Brent Bozman

Hayden Childs

McChesney Duntz

William Ham

Dana Knowles

Gary Mairs

Leonard Pierce

Michael Tomczyszyn

Scott Von Doviak

The Algonquin Kids’ Table: 2003 Top Ten Lists

 

Top 10 Movies of 2003

Most movie critics might say 2003 wasnít a terribly good year for cinema, but Iím not most movie critics. 2003 was a stupendous year for me. Usually I have to wait until the fall to get to the great stuff, but I was satiated early with the likes of Dracula: Pages from a Virginís Diary, Raising Victor Vargas and Spellbound.

Speaking of Spellbound, it was one of the best years for documentaries ever. Along with Spellbound, my favorites include Fog of War, My Architect and Winged Migration. I was cooler on Capturing the Friedmans and Bus 174, but both documentaries are among the most critically lauded fiction or nonfiction films of the year. And I havenít even seen The Revolution Will Not Be Televised, Stevie or The Weather Underground.

2003 was a year of surprises. There was Pirates of the Caribbean, a Jerry Bruckheimer movie that didnít suck, and Shanghai Knights, a sequel vastly superior to the original (though both Matrix sequels blew chunks). What wasnít a surprise is that Miramax continued to keep terrific movies locked away in their vault. They threatened to release both Shaolin Soccer and Hero, but neither ultimately made it into theaters.

It was a terrific year for family films. Pixar may be a tad overrated, but they consistently put out quality work. This year, they gave us Finding Nemo, one of their better efforts, thanks in no small part to a surprisingly good Ellen DeGeneres. Indie filmmaker Richard Linklater ìsold outî in a good way in making a boisterous Jack Black vehicle, School of Rock. Will Ferrell stood out in Elf, and while not ostensibly family fare, Spellbound should be seen by the whole family. One anti-family film deserves mention here — Terry Zwigoffís Bad Santa, which skewers all conventional Christmas fare.

And so: here are my favorite 10 movies commercially released in the United States in the 2003 calendar year.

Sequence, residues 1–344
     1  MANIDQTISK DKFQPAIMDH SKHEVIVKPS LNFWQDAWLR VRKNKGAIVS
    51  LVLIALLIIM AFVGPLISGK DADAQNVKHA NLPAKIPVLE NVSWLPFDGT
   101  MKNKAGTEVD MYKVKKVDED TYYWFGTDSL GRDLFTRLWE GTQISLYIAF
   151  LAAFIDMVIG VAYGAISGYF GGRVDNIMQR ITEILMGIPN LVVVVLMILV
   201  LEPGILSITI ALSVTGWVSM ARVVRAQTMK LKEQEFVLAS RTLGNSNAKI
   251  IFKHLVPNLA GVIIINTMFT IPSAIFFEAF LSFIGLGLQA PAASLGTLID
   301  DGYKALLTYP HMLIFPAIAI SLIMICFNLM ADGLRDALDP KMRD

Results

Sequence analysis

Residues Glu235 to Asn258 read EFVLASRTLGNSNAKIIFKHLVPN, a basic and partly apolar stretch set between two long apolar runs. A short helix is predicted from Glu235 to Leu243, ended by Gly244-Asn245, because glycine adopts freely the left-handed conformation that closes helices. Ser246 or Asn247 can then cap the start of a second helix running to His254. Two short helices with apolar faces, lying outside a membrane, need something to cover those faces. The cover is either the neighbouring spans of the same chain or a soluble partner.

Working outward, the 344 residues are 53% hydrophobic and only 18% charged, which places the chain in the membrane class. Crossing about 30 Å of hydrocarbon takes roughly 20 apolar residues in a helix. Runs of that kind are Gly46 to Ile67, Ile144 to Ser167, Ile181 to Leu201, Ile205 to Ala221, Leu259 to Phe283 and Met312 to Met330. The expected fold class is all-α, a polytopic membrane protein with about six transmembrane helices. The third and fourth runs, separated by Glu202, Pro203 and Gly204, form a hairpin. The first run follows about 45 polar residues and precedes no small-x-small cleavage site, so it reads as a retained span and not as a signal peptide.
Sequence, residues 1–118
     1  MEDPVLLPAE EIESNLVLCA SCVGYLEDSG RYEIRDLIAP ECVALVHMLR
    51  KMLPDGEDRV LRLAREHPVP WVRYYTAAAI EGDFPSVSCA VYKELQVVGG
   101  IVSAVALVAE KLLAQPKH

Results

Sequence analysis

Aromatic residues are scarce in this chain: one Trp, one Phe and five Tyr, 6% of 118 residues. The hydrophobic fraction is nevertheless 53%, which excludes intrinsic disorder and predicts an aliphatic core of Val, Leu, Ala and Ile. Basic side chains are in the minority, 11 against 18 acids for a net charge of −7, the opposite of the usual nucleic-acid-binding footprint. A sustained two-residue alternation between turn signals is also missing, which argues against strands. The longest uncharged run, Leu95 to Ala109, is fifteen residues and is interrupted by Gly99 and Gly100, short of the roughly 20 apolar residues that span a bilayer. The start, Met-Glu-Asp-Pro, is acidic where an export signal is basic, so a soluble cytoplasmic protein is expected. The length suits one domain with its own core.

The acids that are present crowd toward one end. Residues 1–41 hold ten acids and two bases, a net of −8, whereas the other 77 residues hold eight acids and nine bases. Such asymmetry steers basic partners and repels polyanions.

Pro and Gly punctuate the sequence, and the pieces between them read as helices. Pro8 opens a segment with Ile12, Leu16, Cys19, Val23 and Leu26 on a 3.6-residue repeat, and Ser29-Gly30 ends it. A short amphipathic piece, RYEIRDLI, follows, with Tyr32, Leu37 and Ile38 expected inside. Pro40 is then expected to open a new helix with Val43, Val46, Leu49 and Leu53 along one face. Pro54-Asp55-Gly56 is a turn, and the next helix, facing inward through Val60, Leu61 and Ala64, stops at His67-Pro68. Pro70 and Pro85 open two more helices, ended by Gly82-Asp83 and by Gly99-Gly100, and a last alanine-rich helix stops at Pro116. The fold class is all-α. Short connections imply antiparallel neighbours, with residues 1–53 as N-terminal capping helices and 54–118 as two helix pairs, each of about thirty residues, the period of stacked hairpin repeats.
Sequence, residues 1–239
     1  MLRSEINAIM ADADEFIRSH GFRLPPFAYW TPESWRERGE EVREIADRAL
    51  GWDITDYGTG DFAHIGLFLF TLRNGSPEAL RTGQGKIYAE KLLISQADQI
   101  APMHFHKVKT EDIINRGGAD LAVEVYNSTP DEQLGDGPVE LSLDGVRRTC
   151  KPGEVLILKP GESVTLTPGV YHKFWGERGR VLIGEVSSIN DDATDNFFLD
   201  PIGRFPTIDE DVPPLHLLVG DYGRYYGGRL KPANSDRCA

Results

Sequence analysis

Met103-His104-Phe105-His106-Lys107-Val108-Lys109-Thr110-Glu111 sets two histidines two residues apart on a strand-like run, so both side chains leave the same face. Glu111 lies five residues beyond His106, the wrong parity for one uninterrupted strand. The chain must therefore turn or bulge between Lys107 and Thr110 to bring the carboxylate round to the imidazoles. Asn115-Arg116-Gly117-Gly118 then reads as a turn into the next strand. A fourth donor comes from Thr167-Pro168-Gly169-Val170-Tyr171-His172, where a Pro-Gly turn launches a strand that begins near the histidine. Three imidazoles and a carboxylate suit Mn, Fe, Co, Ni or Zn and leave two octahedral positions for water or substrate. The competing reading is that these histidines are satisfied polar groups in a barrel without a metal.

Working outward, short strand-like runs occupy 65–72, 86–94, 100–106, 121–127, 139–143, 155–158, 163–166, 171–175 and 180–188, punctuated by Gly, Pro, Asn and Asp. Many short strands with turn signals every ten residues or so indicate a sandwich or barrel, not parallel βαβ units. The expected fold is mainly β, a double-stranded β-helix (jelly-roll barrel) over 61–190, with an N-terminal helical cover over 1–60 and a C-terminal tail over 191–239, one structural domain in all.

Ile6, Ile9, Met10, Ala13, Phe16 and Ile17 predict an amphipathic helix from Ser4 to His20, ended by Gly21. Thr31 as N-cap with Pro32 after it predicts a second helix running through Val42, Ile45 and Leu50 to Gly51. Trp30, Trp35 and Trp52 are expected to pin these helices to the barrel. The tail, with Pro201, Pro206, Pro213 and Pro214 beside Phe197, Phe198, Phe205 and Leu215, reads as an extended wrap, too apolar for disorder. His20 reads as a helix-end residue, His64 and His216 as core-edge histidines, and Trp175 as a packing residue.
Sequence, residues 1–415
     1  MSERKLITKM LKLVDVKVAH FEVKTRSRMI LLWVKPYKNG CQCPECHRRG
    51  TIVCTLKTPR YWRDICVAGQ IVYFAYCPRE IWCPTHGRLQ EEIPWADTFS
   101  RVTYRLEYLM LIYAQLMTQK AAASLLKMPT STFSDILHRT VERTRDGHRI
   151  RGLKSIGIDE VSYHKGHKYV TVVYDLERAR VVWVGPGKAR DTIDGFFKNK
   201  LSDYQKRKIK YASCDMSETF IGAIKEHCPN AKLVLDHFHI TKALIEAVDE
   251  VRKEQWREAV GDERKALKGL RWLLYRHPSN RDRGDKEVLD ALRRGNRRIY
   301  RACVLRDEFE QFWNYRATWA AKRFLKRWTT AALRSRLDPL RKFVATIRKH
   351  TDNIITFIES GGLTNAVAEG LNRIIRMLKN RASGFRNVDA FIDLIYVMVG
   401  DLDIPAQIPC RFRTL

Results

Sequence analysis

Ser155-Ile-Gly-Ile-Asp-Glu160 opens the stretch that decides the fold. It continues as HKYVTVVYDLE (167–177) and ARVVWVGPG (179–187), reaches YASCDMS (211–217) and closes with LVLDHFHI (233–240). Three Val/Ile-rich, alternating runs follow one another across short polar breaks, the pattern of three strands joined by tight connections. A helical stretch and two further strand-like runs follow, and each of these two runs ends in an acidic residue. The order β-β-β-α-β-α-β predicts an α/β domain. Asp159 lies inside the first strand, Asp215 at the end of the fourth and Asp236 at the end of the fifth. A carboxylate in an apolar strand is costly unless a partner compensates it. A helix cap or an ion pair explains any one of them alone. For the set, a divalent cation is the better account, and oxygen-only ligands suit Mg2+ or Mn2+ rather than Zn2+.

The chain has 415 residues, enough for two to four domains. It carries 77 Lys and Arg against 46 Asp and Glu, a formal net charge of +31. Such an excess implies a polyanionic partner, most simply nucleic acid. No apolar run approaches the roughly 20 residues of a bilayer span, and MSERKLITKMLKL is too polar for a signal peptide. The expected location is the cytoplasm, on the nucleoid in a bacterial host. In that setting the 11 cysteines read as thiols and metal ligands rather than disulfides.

1. The Lord of the Rings — The Return of the King. Realized with greater panache and visual fidelity than could ever be imagined, this is a case in which the movie is better than the book.

2. Lost in Translation. Capturing all the romantic angst of two lonely-heart Americans in Tokyo, Sofia Coppola’s film is observant and bittersweet. Bill Murray and Scarlett Johansson deserve any and all plaudits they get during this awards season.

3. Raising Victor Vargas. The best pure romantic comedy to come along in a long while, Raising Victor Vargas is tender and perceptive. It also happens to be director Peter Sollettís first feature. American independent film is not dead yet.

4. Spellbound. Who knew a spelling bee could be this edge-of-the-seat thrilling, not to mention laugh-out-loud hilarious? Everyone has to have a favorite kid to root for. Mine was poor, insecure April.

5. Dracula: Pages from a Virgin’s Diary. As good as any of the silent films Guy Maddin pays homage to; maybe even better. Also, Gustav Mahler rocks.

6. Blue Gate Crossing. A love triangle with a lesbian twist presented with quiet beauty. With just this film, Yee Chin-Yen becomes Taiwanís most promising filmmaker.

7. The Fog of War. This gets the inadvertently pertinent award. Errol Morris began this project shortly before 9/11, but his documentary on Robert McNamara could hardly be more timely.

8. So Close. Hong Kong action returns with all the incredulous stunts, eye-popping grace, and heady emotional melodrama that comes with the territory. Shu Qi, Vicki Zhao and Karen Mok are the sexy trio who make Charlieís Angels look like rank amateurs.

9. LíAuberge Espagnole. If youíve ever found yourself alienated in a foreign country and then found camaraderie in peers you met there, you will recognize yourself in this movie. And if you like Barcelona, this becomes a must-see.

10. Shattered Glass. Wow, Hayden Christensen can act! We already knew Peter Sarsgaard, Chloe Sevigny and Melanie Lynsky could. The movie is a bit too self-congratulatory, but in a year of Jayson Blair and the news media simply not being up to snuff, Shattered Glass is strikingly poignant.

Honorable mention goes to Shanghai Knights, Elephant, Bad Santa, The Son, Elf, X2, Pistol Opera, School of Rock, Mystic River and Finding Nemo.